On a positive note, perhaps it can only get better.

A recent major survey, seen as a gold-standard measure of public attitudes in Britain, found satisfaction with the NHS has fallen to the lowest level ever recorded.


Words by ITV News Correspondent Peter Smith

The prime minister made it his flagship policy and staked his reputation on a three-word slogan: "Stop The Boats."

Illegal migration numbers have, however, reached record highs.

The latest data shows almost 10,000 people have already crossed the Channel by small boats just this year so far.

That's higher for this point of any year since records began.

We aren't even in peak season for those crossings yet, which comes with better weather in June, so it could get worse, and the timing of this election could coincide with a rapid rise in migrants coming to the UK illegally.

Rishi Sunak has pinned his hopes on the Rwanda deportation policy acting as an effective deterrent to get those numbers down, and the first flights to Africa are expected in early July.

Again, that timing could coincide with this election. The PM would hope images of planes filled with illegal migrants being deported from the UK is something that will resonate with voters.

Illegal migration is an issue that consistently rates as one of the biggest areas of concern for the electorate.

It overlaps into other hot issues, putting pressure on public services, such as housing.

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There is a perception in some parts of the country that people who have come to the UK illegally are being provided with homes ahead of young British families who are sitting on long waiting lists, or enduring inappropriate or unsafe accommodation.

There's a fear that illegal migrants are fuelling crime.

The trade in people smuggling is now estimated to be worth around £5 billion globally to criminal gangs.

It is big business, and it thrives because the supply meets a desperate demand.

On the other side of this debate, people who are sympathetic to migrants trying to reach the UK have been appalled at the government's hardline stance - particularly the Rwanda policy.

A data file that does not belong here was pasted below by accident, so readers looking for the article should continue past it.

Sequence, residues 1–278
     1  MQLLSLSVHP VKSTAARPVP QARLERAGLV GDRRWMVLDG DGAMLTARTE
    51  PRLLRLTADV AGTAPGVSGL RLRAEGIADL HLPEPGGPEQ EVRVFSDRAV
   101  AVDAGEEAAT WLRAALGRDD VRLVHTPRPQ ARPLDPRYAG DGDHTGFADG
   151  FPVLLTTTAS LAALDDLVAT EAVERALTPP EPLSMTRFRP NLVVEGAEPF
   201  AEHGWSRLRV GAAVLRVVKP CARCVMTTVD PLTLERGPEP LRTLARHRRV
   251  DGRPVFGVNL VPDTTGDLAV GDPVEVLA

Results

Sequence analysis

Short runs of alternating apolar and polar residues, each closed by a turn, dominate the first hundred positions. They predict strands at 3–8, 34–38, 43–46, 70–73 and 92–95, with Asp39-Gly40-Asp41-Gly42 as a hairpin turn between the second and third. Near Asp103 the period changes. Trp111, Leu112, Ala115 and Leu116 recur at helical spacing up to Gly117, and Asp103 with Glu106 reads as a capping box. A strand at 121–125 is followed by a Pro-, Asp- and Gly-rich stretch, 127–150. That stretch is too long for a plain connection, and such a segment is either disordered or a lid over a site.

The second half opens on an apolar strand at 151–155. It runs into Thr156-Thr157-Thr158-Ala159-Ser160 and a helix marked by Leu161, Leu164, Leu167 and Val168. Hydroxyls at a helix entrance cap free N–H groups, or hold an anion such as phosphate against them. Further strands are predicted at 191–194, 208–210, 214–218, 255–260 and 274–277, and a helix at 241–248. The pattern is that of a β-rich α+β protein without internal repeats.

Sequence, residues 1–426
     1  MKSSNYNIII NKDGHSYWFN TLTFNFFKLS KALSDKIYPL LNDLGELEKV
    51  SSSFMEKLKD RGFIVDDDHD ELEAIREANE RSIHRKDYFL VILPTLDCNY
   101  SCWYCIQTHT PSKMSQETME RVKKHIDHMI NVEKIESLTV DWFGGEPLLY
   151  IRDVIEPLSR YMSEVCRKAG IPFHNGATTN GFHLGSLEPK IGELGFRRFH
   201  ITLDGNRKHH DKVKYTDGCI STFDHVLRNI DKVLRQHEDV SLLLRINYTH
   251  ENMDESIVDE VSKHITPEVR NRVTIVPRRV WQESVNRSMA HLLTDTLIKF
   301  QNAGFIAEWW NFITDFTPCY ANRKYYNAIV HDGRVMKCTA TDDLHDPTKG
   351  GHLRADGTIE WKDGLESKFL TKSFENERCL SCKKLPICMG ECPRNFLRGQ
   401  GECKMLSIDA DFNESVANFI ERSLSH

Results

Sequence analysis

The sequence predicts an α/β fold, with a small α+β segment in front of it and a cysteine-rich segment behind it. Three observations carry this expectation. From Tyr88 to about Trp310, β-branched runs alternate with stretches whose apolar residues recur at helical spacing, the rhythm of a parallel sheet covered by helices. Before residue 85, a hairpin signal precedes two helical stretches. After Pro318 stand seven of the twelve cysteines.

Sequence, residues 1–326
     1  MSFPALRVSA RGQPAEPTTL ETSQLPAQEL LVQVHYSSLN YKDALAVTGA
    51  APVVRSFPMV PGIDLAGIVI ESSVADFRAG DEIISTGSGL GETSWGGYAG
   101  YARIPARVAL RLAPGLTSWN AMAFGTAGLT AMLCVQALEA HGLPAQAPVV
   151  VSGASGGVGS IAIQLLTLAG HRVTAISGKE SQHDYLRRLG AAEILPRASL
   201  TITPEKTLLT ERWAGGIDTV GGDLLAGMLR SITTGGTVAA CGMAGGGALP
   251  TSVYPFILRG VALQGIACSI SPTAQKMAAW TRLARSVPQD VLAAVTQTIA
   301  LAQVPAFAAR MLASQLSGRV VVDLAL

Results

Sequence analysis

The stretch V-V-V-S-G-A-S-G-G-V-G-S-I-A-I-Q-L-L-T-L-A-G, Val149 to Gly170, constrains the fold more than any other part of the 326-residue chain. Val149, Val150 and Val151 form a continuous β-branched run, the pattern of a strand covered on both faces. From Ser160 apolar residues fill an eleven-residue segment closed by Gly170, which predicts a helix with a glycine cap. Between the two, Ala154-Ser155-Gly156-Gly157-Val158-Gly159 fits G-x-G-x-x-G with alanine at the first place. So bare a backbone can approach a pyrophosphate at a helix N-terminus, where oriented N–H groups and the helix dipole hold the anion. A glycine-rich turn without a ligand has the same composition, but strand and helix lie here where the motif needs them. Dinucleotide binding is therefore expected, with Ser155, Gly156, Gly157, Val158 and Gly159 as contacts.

Those who would like to see the UK show more compassion to people fleeing war, famine, and poverty.

And there is an argument that the UK could take a more pragmatic approach by providing more legal routes to migrants wanting to come here and work - especially at a time where the country has labour shortages in sectors, including agriculture and social care.

Expect this emotive issue to dominate debates, with political parties offering their own versions of a solution to the small boats crisis.

Also expect that those who are willing to risk their life and liberty to get to the UK will be difficult to deter.


Words by ITV News Investigations Editor Daniel Hewitt

Housing has been creeping up the political agenda, as it also moves up in the opinion polls of issues people most care about.

Why? Because right now almost everyone is being affected by the state of the housing market.

Mortgage rates have shot up in the last 18 months.

Private rents are at record high levels, and working people in their twenties and thirties are having to move back in with their parents to save for ever expensive homes to buy.

There is a chronic shortage of social housing, particularly in England, which is pushing more people into homelessness.

A record number of children in England are living in temporary accommodation, and councils are running out of money to house them in hostels and bed and breakfasts.

There has also been more attention paid to the awful conditions in which some people are being forced to live - which we began investigating here more than three years ago.

Seen through an election lens, the solution on which both main parties agree is that Britain needs to build more homes.

We do not have enough places for people to live - the UK is more than four million homes short of what it needs - and the human consequences are dire.

It is easy to say you will build more, but no government of any colour in recent years can claim a particularly great record on housebuilding.

It will almost certainly mean building homes beyond brownfield sites, and reforming the planning system which so often clogs up the system.

You don't have to be an expert, however, to know that lots of houses take a while to build.

In the short term, the challenge is to work out how best to ensure more families don't become homeless, and that councils can afford to house those who do.

Regulation of the private rental market is promised by both parties to lesser and greater extents, and the debate around council funding is also on the agenda.

Have you heard our new podcast Talking Politics? Every week Tom, Robert and Anushka dig into the biggest issues dominating the political agenda…